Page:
Do you have a blog but no one comments on your posts? Or are you seeing no increases in the number of your RSS subscribers?
There are a myriad of ways to solve each of these problems without spending a lot of money. However, you will want to invest some time to improve your existing blog and meet your blogging goals – whether it is more readers, increased search engine traffic or making more money through ad sales or promoting your business.
Provide solid, well-researched content that people are interested in.
Content is king – is your content standing out in the crowd? Or is it the same old information or opinions as every other blogger in your niche? Step outside of the box and do the unexpected – take an opposite opinion from everyone else, find fresh information to blog about and invest time to write better quality posts.
Use varying sizes for your headers (but keep it consistent), colored text, bold text, images, backlinks, video and audio to spice up your posts.
Encourage interaction in the comments section or via email at the end of each post. Ask open ended questions. Leave your comments open for 14-21 days, to give everyone a chance to comment if they’d like.
Use heatmaps wisely.
See where people click most on your site with free heatmap software and move the content in your sidebar(s), footer and header around to make it easier to navigate or access.
Provide consistent navigation on most, if not all, pages.
Don’t fuss over your navigation content on a daily or even weekly basis. If your visitors get accustomed to certain things being in certain places, moving them could discourage your readers from using your site.
Make it easier for people to subscribe to your blog.
Add a large RSS button “above the fold” or put a “Subscribe to my site!” prompt in post footers.
Add a subscription button below the fold or in the footer, too.
Explain to your readers what is RSS and how to use RSS.
Use ads responsibly.
Many bloggers want to make money online, but there can be too much of a good thing. Place ads at the top or bottom of posts, not both.
Definitely remove ads from the middle of posts. It cuts your content in half and can lose a reader’s interest in your writing quickly.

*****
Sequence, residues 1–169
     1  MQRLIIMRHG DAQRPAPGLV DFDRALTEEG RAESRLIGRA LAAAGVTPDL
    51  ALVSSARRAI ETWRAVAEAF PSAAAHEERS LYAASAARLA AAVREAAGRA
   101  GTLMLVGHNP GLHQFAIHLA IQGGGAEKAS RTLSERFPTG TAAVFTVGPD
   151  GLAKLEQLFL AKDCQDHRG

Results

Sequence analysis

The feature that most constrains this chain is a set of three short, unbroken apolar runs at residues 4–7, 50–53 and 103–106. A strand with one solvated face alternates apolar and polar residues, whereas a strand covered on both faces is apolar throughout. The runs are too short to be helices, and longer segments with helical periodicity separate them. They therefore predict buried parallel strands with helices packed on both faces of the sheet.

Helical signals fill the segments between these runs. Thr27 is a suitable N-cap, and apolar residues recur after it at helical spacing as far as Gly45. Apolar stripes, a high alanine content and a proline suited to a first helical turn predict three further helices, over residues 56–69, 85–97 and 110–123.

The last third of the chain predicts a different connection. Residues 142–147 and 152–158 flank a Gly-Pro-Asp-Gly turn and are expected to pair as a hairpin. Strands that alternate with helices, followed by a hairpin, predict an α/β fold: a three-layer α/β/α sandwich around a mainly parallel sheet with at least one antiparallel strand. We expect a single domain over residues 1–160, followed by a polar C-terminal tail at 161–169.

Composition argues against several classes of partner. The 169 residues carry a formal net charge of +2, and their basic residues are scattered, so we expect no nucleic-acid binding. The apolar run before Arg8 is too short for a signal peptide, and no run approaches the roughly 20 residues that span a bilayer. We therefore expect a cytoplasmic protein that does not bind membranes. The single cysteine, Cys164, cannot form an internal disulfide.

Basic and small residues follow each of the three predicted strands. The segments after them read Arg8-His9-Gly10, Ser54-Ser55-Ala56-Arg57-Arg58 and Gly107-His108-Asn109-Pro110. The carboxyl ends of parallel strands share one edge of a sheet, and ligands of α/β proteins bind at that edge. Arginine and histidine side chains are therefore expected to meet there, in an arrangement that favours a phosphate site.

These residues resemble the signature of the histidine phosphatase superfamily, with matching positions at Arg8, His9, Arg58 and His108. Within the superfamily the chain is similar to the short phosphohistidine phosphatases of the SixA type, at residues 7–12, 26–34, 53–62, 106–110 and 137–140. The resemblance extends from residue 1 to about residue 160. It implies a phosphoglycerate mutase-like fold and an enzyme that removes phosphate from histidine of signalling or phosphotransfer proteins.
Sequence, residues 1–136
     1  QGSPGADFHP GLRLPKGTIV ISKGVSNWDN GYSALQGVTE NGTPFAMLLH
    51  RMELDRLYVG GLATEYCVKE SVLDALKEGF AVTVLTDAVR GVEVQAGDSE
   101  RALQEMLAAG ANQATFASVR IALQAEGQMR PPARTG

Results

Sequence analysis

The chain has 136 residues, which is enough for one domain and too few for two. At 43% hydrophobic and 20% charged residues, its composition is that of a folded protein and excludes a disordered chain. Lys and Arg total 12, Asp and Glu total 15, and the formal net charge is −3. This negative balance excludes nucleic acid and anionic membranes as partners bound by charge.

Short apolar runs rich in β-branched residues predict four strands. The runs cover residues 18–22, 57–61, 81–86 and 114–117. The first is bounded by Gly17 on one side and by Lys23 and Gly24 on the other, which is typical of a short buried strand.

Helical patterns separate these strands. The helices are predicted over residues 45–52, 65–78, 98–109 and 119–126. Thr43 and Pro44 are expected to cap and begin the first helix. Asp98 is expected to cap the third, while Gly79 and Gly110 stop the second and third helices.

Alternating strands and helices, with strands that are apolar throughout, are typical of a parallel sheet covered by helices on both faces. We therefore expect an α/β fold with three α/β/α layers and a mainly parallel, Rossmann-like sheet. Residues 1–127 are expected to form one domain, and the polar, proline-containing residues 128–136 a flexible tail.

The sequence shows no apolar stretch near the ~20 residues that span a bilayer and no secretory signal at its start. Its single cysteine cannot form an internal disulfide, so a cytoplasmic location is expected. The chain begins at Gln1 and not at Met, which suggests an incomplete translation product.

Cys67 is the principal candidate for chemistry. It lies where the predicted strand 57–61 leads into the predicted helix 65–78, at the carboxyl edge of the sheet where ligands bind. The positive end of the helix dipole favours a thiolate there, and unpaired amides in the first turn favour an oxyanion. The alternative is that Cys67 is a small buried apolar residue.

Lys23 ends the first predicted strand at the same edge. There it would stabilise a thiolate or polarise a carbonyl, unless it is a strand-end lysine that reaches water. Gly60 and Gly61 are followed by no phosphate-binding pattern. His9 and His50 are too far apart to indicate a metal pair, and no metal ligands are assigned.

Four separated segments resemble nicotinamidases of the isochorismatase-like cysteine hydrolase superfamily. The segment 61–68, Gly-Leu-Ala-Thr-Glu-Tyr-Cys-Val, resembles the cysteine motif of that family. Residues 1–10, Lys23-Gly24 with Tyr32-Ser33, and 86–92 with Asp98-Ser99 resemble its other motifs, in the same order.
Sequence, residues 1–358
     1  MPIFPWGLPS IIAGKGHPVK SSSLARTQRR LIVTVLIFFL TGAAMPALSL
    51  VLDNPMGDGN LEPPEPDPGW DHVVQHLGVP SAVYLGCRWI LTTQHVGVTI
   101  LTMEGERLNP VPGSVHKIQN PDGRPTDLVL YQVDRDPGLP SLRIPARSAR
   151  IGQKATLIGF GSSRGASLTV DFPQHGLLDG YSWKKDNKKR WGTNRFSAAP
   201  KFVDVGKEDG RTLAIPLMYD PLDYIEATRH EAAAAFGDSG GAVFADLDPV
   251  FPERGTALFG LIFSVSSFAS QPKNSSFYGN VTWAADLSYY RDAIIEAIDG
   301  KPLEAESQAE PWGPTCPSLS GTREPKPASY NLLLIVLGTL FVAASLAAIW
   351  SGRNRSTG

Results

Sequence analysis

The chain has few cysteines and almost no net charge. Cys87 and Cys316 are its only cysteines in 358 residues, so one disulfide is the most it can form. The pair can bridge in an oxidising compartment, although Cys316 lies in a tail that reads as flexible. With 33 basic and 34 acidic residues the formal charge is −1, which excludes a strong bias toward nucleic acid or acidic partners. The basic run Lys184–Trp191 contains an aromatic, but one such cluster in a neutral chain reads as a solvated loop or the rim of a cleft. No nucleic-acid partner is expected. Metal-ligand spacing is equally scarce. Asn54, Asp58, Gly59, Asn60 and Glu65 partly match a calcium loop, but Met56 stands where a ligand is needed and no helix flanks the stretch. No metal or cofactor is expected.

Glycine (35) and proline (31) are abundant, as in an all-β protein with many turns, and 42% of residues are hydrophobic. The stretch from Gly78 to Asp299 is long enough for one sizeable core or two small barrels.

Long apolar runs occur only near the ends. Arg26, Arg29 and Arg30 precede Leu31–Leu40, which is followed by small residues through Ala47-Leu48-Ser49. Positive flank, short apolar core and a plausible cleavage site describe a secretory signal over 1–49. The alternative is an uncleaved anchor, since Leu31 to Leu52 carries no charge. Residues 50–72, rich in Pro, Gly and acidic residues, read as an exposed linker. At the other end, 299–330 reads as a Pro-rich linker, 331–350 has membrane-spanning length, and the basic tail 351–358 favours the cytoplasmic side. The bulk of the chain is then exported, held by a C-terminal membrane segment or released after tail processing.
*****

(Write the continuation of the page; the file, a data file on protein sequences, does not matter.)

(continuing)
Displayed ads should stand out and catch the eye, but not overwhelm your content.
Check your stats weekly.
Post your best content on your busiest traffic days and times.
Don’t obsess over analytics. Instead, check your visitor counts, RSS subscribers, etc. weekly. Track your progress and monitor improvements or regression.
Be realistic about visitor counts and pageviews. If you are just starting out, you won’t have traffic and subscribers on the scale of many probloggers. It takes time to build up a brand and community.
Edit old posts
Go over old posts and edit for grammar/style. Add fresh or new photos, backlinks and information to end of posts (in italics).
Did you recently switch to tagging your posts? Go back and add tags to old posts.
Edit titles of old posts to better fit search engine optimization but don’t edit the permalinks!
Let your readers connect to you!
Add links to your online profiles on your About page and in the sidebar or footer. Make it easy for readers to email you, interact with you via the blog or offsite via Twitter, Facebook, Plurk, etc. – some people subscribe to blogs just because of the personality they are shown, not necessarily the content of the blog.
Reply to comments as soon as possible. Let commenters know that you are listening to their comments and value their time.
Hold a contest where subscribers and readers can compete to talk with you via Skype or phone about your expert area(s).
Use an editorial calendar.
Note when your weekly features should be published and deadlines for paying for webhosting and submitting articles for other blogs you write for. Keep your editorial calendar separate from your personal and other calendars by using a separate calendar in Google Calendar, iCal or Outlook.
Update your calendar with any changes and synchronize with your analog calendar (if you have one).
Write posts in advance and schedule them in your editorial calendar. Be prepared for any emergency that may arise or schedule changes.
Add new features, such as a redesigned logo or e-book.
Encourage RSS readers to visit your site to see the new features. Catch their eye with the improved post meta, sidebar(s), header and footer.
Invite readers to read related posts after each post to keep them on the site – and reading – longer. You can add related posts to RSS feeds, too, by using Yet Another Related Posts Plugin.
Check out other blogs to see what is currently the trend. Will these new additions be of value to your visitors? If so, add a new feature and test it with your community members.
Ask your readers for feedback.
Occasionally ask your readers for feedback. Post a poll, make a post where you ask for feedback or even email a commenter and ask them what they like about your blog, where they found out about it and what could be done better. Use their feedback to improve your blog even further.